How to combat security risks emerging with the new industrial revolution

24 April 2017 by Jostein Jensen
At the core of industrial digitalization we find good utilization of data. And good utilization of data is paving the way for the next industrial revolution.

We can collect sensor data from industrial IoT (internet of things) environments, combine the big data sets from sensors with external information sources, and run this through artificial intelligence modules to get new and improved operational insights, leading to better decisions. All of this is enabled by cloud technologies and virtually endless resources for data storage and processing.

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I truly believe that that we need to grab the opportunities offered by new technology and increased digitalization. As a cybersecurity expert, however, my job is to identify negative risk and be the skeptic pointing to slightly negative aspects of the increased digitalization. This includes the consequences if someone breaks the patterns of our industrial use cases and the impact of malicious attacks on our digital infrastructure and data.

I need to ask questions such as:

  • What happens if our, and our customers’, most secret industrial data is disclosed? Can the competitive situation turn, and how could it harm ours and their reputation?
  • What happens if our sensor data is manipulated by an unauthorized third party? Can we trust the data driving our decisions? What happens when we can no longer trust our information?
  • How will our process control systems and automated processes react to malicious attacks?

Read also CTO Chrisitan Møller's blog: How do we create a truly intelligent systems?

Operational technology meets information technology

We seek to combine the best of two traditionally separate domains in the new industrial revolution. Operational technology (OT) and information technology (IT).

Since OT environments interact with the physical world, and errors can cause environmental hazards or loss of lives, they are highly regulated and traditionally physically separated from other networked environments, such as the internet. They are accessible by few. Safety is a key concern.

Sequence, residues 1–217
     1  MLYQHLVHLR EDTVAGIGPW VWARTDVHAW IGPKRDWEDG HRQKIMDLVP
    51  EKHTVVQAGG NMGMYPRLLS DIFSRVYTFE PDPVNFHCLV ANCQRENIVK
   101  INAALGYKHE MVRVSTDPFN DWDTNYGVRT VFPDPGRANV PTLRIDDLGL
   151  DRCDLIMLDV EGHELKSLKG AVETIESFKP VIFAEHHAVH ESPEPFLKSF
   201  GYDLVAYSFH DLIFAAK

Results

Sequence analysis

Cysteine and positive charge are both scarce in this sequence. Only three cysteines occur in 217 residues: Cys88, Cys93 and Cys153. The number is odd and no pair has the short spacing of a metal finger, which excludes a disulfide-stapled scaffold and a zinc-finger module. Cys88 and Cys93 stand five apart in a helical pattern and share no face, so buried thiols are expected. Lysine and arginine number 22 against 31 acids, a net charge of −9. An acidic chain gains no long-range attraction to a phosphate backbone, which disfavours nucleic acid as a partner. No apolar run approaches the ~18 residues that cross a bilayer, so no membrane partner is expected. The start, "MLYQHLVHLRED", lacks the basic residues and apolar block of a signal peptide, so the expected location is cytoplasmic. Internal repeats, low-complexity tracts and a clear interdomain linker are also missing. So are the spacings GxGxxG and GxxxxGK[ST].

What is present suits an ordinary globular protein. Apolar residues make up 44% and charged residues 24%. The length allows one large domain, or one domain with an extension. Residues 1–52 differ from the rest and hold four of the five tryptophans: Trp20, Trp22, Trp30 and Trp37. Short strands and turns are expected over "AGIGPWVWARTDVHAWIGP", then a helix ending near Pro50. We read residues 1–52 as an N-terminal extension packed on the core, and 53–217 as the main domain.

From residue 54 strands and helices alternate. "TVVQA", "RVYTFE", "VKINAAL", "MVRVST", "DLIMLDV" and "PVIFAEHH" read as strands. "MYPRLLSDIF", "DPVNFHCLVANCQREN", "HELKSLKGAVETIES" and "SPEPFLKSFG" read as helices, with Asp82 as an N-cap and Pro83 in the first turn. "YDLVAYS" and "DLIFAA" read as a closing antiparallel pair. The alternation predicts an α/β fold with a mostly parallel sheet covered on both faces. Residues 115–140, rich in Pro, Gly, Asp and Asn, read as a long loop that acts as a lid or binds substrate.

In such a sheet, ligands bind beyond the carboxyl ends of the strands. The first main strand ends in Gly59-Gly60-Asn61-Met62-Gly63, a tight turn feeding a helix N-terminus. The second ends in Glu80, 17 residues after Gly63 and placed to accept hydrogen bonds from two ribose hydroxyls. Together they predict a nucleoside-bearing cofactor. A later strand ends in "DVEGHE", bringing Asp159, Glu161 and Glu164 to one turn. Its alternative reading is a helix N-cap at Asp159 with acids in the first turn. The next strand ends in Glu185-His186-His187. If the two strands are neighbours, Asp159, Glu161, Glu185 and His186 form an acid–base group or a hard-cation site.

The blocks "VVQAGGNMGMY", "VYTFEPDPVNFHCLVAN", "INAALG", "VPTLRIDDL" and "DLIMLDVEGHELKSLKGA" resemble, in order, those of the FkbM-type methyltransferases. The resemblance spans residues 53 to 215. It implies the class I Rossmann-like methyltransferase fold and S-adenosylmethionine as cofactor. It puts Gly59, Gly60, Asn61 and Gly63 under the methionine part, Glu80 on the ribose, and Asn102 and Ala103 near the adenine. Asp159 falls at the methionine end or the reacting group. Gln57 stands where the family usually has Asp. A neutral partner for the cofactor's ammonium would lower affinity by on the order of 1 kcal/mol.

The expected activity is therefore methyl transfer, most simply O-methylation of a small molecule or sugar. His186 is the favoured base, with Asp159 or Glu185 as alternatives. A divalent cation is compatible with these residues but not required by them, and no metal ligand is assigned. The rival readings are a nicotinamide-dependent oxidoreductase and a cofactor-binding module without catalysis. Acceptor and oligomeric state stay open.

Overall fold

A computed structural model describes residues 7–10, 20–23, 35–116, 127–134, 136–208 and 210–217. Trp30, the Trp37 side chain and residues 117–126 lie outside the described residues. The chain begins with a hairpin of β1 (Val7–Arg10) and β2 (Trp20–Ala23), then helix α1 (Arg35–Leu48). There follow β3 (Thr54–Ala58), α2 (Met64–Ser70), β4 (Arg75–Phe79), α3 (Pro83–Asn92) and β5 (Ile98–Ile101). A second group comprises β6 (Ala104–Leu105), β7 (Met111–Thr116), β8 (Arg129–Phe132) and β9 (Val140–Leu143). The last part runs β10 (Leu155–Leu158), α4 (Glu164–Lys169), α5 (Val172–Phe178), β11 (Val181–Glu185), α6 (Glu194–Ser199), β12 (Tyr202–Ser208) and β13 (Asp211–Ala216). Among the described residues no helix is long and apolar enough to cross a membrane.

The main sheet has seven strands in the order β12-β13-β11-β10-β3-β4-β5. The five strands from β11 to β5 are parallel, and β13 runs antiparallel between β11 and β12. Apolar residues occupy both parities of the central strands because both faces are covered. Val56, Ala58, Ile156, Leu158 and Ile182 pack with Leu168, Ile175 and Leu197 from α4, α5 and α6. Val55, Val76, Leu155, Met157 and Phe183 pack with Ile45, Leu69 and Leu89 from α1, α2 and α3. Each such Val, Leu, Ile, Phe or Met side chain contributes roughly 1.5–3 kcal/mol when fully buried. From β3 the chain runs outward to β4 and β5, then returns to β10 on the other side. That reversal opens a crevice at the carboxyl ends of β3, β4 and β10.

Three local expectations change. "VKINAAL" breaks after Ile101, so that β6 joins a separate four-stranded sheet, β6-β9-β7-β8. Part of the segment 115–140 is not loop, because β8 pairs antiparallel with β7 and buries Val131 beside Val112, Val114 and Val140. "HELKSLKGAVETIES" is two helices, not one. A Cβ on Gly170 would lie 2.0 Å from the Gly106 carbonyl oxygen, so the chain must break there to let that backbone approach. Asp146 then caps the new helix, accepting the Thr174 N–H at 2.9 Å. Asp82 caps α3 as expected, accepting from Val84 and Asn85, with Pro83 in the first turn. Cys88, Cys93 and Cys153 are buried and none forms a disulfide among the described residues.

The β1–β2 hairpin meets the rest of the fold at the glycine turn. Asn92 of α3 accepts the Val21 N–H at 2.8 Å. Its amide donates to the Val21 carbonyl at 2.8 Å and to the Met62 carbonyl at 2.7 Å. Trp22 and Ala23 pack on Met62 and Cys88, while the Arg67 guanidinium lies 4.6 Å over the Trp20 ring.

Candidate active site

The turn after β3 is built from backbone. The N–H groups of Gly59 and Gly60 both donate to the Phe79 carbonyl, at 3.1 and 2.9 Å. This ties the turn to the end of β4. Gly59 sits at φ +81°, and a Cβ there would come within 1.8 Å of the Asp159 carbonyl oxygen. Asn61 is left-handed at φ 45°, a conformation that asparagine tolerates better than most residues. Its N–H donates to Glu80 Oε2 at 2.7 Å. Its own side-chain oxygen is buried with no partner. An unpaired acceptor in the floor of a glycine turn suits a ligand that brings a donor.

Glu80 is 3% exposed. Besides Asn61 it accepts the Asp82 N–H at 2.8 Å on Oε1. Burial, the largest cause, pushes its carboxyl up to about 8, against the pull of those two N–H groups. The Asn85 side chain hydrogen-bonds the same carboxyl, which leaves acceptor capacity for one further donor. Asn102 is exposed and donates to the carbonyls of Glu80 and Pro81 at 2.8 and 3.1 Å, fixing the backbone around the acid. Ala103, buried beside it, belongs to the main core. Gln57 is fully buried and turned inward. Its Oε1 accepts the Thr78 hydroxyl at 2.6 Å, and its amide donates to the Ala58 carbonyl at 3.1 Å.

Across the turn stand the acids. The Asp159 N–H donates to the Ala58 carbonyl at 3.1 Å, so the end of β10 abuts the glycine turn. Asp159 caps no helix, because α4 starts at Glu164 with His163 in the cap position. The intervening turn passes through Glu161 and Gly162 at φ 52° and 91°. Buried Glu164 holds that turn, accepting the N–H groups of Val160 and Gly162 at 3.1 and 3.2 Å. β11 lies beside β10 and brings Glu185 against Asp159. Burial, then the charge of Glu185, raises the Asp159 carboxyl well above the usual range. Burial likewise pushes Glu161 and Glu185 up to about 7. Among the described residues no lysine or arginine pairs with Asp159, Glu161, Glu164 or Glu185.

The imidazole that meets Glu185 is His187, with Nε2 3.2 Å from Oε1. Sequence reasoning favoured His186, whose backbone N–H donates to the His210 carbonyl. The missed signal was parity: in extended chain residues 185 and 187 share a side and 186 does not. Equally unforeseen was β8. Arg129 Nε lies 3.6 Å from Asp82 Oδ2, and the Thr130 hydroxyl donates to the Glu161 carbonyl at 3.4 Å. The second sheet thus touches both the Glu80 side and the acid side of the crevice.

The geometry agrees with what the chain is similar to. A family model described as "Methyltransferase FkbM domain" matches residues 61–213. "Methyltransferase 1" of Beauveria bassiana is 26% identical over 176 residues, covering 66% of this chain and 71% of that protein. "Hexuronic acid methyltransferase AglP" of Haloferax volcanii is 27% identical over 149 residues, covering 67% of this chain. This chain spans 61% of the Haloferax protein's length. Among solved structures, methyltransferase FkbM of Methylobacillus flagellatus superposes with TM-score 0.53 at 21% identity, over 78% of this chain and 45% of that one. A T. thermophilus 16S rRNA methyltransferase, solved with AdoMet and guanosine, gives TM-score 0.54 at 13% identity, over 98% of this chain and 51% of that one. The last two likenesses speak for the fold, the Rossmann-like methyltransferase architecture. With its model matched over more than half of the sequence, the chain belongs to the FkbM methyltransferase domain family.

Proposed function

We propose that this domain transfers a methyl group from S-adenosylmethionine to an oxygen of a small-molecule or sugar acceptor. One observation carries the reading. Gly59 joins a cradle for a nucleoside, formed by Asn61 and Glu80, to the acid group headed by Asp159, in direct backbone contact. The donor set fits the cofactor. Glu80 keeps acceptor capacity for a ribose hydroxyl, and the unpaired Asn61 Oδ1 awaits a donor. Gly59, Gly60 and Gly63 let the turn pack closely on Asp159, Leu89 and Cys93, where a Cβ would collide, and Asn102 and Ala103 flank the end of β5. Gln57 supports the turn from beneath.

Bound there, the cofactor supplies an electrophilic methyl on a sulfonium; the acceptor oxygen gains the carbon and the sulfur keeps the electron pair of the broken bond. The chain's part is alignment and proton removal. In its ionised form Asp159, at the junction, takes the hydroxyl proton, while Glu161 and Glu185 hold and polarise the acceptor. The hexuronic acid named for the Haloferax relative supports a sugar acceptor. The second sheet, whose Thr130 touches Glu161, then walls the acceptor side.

Read CEO, Hege Skryseth, blog about Kognifai - our open ecosystem 

IT environments, on the other hand, are designed to be highly interconnected and accessible by many. Well implemented IT systems and services have proven to be of strategic value to most businesses, and the world’s most innovative and valued companies are IT and digital data-driven companies. Even though privacy and security are key concerns in IT systems, history has shown that most businesses are only a few steps away from a security breach.

I figure you get the picture: If we do not handle the industrial digitalization process in the right way, cybersecurity breaches may impact the physical world. And we know that adversaries can cause physical damage on the other side of the world. Nowadays, we see news about cybersecurity breaches every week.

How to achieve a safe and secure system

I am confident that the industrial revolution is for our best. As a cybersecurity professional I also know that we can build industrial systems that are both safe and secure if we go about this in the right way. The solution is dedication and hard work in several dimensions:

  • We need to work with human factors. All actors in the value chain need to know their responsibility, and how they can contribute. We need to empower all employees with the right knowledge.
  • We need to work with the technology dimension to ensure that the design principles and design assumptions between the IT and OT domains are aligned, and that security is built in based on a holistic architecture – taking the threats towards both worlds into consideration.
  • We need to work in the organizational domain to define the roles and responsibilities both within an organization and within collaborations, work actively with risk management, and ensure that cybersecurity receives the strategic management attention it deserves.

Positive impact versus security risks

The industrial domain is complex. The stakeholders are many, and cybersecurity is a shared responsibility throughout the entire value chain. The weakest link will break first.
When we do cybersecurity right, the positive impact of connecting systems and utilizing the extremely valuable data assets outweighs the associated downsides and security risks.


About the writer
Jostein Jensen
Jostein has a Ph.D. in information security from the Norwegian University of Science and Technology (NTNU) and comes to Kongsberg Digital from the Norwegian State Educational Loan Fund, where he has led the security work and targeted his efforts on improving the cyber resilience of the organization. His previous positions as an officer in the Norwegian Armed Forces and an ICT and security research scientist with SINTEF has contributed to his extensive knowledge of information security.